It is the vision of Berwyn North School District 98 Dual Language Program that students acquire a second language with an appreciation of all cultures. Development of a second language will nurture a student’s self-confidence, talents, and cognitive flexibility as they become future leaders responding to diverse perspectives. Biliteracy will empower our students to engage and find success in an ever-expanding global society. This will enhance their capacity to achieve their personal, academic, and civic potential in order to be college and career ready.
What is our Dual Language Program?
- After intensive research and planning, our Dual Language program began in the 2017-18 school year. The program started at the PreK and K levels at all of our elementary schools
- Dual language education programs integrate native English speaking students with native Spanish speaking students for academic instruction, which is presented in both languages. Social and academic learning occurs in an environment that values the language and culture of all students and sets high standards to ultimately achieve academic success in Spanish and English.
- Students of our program consist of native Spanish speakers, native English speakers, bilingual students that use both languages at home, and students who speak a different language at home. Classroom instruction will be 50% of the day taught in Spanish and 50% of the day taught in English. The program, first and foremost, serves English Learner. For non-English Learners, acceptance to the program is on a first-come, first-served basis.
What are the student goals of the Dual Language Program?
- Gain language, academic and cultural benefits
- Work with authentic language models on a daily basis
- Develop skills in collaboration and cooperation in a multicultural environment
- Be better prepared for the global workforce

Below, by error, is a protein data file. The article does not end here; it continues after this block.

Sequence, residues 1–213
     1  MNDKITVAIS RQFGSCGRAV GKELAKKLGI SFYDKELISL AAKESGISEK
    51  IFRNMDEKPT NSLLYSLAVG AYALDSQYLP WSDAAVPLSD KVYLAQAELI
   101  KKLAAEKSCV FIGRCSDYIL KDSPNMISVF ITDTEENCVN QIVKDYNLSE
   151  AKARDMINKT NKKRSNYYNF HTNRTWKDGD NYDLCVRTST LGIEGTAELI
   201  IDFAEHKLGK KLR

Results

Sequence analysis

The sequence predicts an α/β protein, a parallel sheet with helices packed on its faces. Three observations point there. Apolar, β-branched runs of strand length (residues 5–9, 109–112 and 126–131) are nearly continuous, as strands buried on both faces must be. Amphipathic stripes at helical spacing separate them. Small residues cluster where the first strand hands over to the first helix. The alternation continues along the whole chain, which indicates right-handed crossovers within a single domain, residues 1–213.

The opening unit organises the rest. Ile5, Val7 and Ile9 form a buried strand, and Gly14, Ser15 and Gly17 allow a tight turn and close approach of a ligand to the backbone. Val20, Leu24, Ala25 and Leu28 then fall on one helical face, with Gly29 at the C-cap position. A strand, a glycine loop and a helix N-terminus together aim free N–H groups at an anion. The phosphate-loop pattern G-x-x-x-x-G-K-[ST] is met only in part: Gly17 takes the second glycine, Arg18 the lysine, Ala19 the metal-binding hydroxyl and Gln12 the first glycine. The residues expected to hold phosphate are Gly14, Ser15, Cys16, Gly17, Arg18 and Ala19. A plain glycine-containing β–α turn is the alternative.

- Participate in a rigorous academic program that accelerates their learning
- Develop a high linguistic and academic proficiency in two languages
- Develop positive cross-cultural attitudes
What is our Program Commitment?
Teachers and Administrators commit to:
- Set high expectations, which will engage all students in preparation for college success.
- Engage parents in the learning process to ensure success for all students.
- Instruct both Spanish-dominant students and English-dominant students in the same classroom, since this interaction is vital to the two-way immersion concept.
- Prepare and deliver instruction in two languages in order to consistently challenge student learning and achievement.
- Acknowledge: It is important to acknowledge that students need time to reach high levels of proficiency in a second language. Many years of study are required for students to realize the academic achievement benefits of well-implemented dual-language programs.
- Time: Learning a new language takes time. On average, a person takes between 5-7 years to learn a language.
- Commit to supporting your child in the Dual Language Program for a period of at least 5 years.
- Promote bilingualism:
- Elevate the status of both languages with your child.
- Go over the benefits of being bilingual.
- Remain positive and calm when your child is feeling frustrated in their non-native language.
- Communicate with your child’s teacher for support or concerns.
What does Research Say About Dual Language Education?
Multiple benefits exist for acquiring a second language during the primary years. Some of the benefits of learning a second language during the elementary years include:
- Children have the ability to learn and excel in the pronunciation of a foreign language (Krashen, et al., 1982)
- Participation in early foreign language shows positive results in areas of standardized testing (Armstrong & Rogers, 1997) Children who had studied a foreign language show greater cognitive development (Hakuta, 1990)
- Foreign language study has shown to increase listening skills, memory, and a greater understanding of one’s own language (Lapkin, et al., 1990)
- Children studying foreign language have an improved self-concept and sense of achievement in school (Caine & Caine, 1997)
- Children develop a sense of cultural pluralism, openness, and appreciation of other cultures (Met, 1995)